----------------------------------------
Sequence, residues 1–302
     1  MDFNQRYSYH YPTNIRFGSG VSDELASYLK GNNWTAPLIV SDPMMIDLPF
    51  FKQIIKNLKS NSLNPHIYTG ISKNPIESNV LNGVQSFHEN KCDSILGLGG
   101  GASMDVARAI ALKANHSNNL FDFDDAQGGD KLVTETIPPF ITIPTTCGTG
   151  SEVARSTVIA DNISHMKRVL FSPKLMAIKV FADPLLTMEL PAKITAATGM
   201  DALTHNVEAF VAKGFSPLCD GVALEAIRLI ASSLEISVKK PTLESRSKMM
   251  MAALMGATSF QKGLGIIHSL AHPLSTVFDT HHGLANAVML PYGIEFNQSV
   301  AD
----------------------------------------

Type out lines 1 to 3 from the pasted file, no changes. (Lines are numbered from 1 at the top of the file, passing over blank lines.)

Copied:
Sequence, residues 1–302
     1  MDFNQRYSYH YPTNIRFGSG VSDELASYLK GNNWTAPLIV SDPMMIDLPF
    51  FKQIIKNLKS NSLNPHIYTG ISKNPIESNV LNGVQSFHEN KCDSILGLGG